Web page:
Tibetan Monks Visit Allan Hancock College

As part of their nationwide 2017 Sacred Arts Tour, monks from the Drepung Gomang Monastery spent four days, and over sixty hours, creating a Medicine Buddha Sand Mandala at the Allan Hancock College Ann Foxworthy Gallery.  

The Tibetan monks visited the Central Coast from southern India by way of the monastery North American seat in Louisville Kentucky, the Drepung Gomang Center for Engaging Compassion.  The purpose of the Sacred Arts Tour is to keep their traditions alive by sharing their rich cultural diversity, to bring awareness to the ongoing plight of Tibetans after fifty years of Communist Chinese occupation, and to raise donations to help support their way of life at the Monastery.


The Drepung Gomang monks are renowned for sand mandala construction, a sacred art that was traditionally created under complete secrecy at the monastery by the holiest monks.  Any misplacement of sand was considered an imperfection of the mandala intention.  As Allan Hancock fine art instructor and gallery director Marti Fast explained, 典oday we are blessed to witness this rare event and are not so hard on the artisans.


The monks create various mandalas on their tour, each one unique to the needs of the location they are visiting, and each one an incredible feat of beauty and detail.  The process if fascinating to watch, as the artists fill thin metal cones called chak-purs with fine, colored sand that is transferred to a marked board grain by applying gentle, rhythmic vibrations to the tool.  The creation is an active meditation for the monks and can have a meditative effect for those watching as well.


Mandala is a Sanskrit word meaning osmogram・or orld in harmony・and depicts a palace as viewed from the sky.  Each object within the mandala has meaning and there are many different designs, including the Medicine Buddha created especially for Hancock to bring health and healing.


The Foxworthy Gallery was open from 10-5 each day and visitors were not only able to watch the creation of the sand mandala, but also experience different cultural aspects of the tour.  Mornings began with chanting, led by the Geshe (the senior member and leader of the tour group) to consecrate the space and bless those within it and evenings concluded in the same manner, consecrating what had been created and blessing those who took part.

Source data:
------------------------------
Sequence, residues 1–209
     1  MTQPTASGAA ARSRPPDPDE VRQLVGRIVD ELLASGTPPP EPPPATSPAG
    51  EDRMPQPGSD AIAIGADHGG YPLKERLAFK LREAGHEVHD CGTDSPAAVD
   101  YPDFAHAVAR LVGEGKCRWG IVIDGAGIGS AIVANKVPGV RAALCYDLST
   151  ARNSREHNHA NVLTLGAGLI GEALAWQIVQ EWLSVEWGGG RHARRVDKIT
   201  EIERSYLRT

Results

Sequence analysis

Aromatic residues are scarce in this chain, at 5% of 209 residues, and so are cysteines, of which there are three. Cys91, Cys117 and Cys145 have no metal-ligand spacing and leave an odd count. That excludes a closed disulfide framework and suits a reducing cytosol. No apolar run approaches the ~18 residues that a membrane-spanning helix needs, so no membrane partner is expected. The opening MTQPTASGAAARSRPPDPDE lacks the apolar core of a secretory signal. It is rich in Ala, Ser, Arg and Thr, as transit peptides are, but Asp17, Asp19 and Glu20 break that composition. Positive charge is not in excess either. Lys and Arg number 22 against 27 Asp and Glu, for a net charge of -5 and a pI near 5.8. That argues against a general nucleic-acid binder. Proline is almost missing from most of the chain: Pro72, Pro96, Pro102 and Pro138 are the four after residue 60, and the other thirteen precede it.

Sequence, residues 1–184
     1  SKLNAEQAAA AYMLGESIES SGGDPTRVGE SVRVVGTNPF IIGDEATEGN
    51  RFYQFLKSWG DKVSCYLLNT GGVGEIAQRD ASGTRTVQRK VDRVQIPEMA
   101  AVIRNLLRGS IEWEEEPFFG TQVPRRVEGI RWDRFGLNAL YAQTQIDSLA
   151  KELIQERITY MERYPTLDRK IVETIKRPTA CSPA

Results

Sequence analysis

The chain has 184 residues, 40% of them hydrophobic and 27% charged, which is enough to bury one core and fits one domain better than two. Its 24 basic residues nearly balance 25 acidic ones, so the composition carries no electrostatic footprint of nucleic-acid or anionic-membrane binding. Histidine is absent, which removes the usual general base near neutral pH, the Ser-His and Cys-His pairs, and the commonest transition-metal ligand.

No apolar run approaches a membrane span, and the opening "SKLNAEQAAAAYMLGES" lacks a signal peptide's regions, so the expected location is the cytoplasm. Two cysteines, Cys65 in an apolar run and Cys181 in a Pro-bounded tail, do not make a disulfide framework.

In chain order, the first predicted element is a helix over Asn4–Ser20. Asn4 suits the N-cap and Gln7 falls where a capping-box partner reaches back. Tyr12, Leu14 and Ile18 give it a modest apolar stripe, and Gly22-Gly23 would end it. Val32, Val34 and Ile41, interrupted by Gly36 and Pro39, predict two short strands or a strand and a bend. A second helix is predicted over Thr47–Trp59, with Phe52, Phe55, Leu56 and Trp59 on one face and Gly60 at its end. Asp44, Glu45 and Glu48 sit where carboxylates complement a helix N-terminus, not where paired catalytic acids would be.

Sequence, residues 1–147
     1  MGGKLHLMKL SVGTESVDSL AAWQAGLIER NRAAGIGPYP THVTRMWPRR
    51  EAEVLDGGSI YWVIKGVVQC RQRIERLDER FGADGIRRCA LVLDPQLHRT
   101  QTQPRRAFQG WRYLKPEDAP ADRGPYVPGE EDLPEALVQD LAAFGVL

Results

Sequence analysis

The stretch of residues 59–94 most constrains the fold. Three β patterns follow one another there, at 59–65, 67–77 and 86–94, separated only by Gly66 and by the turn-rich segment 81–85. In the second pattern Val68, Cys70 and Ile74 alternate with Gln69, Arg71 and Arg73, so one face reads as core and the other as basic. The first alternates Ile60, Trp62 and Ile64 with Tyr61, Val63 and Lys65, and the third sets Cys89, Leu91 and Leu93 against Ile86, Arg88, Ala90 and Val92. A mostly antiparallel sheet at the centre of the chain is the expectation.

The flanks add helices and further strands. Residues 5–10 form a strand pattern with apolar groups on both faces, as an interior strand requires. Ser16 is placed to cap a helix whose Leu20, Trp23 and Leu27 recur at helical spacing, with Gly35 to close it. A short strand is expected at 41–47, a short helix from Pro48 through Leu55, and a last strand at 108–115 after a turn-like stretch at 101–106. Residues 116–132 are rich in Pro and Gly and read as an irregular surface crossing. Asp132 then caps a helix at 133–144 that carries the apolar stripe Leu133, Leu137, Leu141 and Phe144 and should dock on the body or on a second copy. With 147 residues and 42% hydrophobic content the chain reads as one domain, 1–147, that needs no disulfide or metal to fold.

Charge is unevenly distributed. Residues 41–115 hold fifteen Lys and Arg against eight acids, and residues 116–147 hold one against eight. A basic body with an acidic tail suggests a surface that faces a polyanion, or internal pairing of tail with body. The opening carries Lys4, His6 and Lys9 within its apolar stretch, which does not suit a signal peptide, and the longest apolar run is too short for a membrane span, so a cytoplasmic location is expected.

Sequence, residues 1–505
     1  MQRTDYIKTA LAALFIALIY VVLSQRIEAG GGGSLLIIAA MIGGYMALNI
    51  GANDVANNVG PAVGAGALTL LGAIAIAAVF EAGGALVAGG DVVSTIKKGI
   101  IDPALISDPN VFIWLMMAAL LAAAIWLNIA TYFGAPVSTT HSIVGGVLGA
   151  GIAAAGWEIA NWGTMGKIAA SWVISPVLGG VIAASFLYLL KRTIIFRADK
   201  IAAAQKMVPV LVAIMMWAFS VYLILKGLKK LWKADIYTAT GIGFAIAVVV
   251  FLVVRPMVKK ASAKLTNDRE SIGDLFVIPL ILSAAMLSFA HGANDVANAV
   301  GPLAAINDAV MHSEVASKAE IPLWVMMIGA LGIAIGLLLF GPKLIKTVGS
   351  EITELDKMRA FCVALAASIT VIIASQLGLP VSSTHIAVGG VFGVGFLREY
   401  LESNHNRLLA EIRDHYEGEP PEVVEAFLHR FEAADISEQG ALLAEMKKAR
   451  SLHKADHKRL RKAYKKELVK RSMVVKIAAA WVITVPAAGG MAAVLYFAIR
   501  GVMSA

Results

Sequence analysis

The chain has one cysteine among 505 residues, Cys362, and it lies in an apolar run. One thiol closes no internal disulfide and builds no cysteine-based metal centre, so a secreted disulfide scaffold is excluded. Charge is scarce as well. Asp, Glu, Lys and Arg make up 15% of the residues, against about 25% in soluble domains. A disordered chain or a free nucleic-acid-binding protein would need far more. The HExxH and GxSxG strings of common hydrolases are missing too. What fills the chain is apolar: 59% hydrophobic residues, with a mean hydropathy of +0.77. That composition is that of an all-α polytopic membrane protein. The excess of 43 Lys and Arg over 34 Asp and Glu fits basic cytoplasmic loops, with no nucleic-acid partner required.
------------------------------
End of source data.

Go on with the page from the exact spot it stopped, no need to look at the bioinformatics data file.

As the mandala took shape, each monk sat on a cushion, hunched over the board, and slowly moved from the center outward.  Guests were invited to take photographs, speak with the monks that walked around the room, and purchase Tibetan goods from the tables in the lobby, including necklaces, journals, skirts, and CDs.  Hand-crafted bracelets were blessed by the monks upon request, which was a special, spiritual experience in itself.


In addition to the sand mandala and chanting, the monks shared other cultural experiences as well.  The lighthearted Snow Leopard and Tibetan Yak dances (complete with two-person animal costumes) was performed outdoors, accompanied by drums and bells, and was thoroughly enjoyed by audience members both young and old.  They also conducted an immensely entertaining debate that combined philosophical discussion with a little bit of showmanship, humor, and Tibetan razzing.


The life of a monk is multi-faceted and one aspect they embrace in their art is the Buddhist concept of Impermanence that states nothing in life is permanent and change is inevitable.  In keeping with this teaching, at the end of their four days, the visiting monks held a Deconstruction Ceremony that concluded in sweeping the painstakingly created mandala into a pile.  Small bags of sand were distributed and the rest was taken to a body of running water, releasing the intention in each grain, and the blessings of the healing mandala, into the universe.


By Rebecca Ross